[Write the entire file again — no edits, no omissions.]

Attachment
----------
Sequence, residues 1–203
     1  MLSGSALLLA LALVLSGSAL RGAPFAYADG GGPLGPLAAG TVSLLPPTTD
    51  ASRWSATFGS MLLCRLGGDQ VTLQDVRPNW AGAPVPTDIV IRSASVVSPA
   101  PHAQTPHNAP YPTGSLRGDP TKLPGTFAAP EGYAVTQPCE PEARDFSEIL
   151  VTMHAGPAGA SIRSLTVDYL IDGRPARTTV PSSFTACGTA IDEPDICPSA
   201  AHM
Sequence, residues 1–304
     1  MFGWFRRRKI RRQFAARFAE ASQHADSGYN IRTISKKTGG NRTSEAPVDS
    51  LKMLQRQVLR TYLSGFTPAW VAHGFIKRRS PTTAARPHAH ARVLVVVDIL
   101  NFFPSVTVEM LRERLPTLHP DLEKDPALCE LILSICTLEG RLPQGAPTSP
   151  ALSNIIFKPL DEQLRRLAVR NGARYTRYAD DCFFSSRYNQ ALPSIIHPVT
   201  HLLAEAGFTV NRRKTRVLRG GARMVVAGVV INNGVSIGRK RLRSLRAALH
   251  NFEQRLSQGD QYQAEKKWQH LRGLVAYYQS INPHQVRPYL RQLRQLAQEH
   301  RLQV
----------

Sequence, residues 1–203
     1  MLSGSALLLA LALVLSGSAL RGAPFAYADG GGPLGPLAAG TVSLLPPTTD
    51  ASRWSATFGS MLLCRLGGDQ VTLQDVRPNW AGAPVPTDIV IRSASVVSPA
   101  PHAQTPHNAP YPTGSLRGDP TKLPGTFAAP EGYAVTQPCE PEARDFSEIL
   151  VTMHAGPAGA SIRSLTVDYL IDGRPARTTV PSSFTACGTA IDEPDICPSA
   201  AHM
Sequence, residues 1–304
     1  MFGWFRRRKI RRQFAARFAE ASQHADSGYN IRTISKKTGG NRTSEAPVDS
    51  LKMLQRQVLR TYLSGFTPAW VAHGFIKRRS PTTAARPHAH ARVLVVVDIL
   101  NFFPSVTVEM LRERLPTLHP DLEKDPALCE LILSICTLEG RLPQGAPTSP
   151  ALSNIIFKPL DEQLRRLAVR NGARYTRYAD DCFFSSRYNQ ALPSIIHPVT
   201  HLLAEAGFTV NRRKTRVLRG GARMVVAGVV INNGVSIGRK RLRSLRAALH
   251  NFEQRLSQGD QYQAEKKWQH LRGLVAYYQS INPHQVRPYL RQLRQLAQEH
   301  RLQV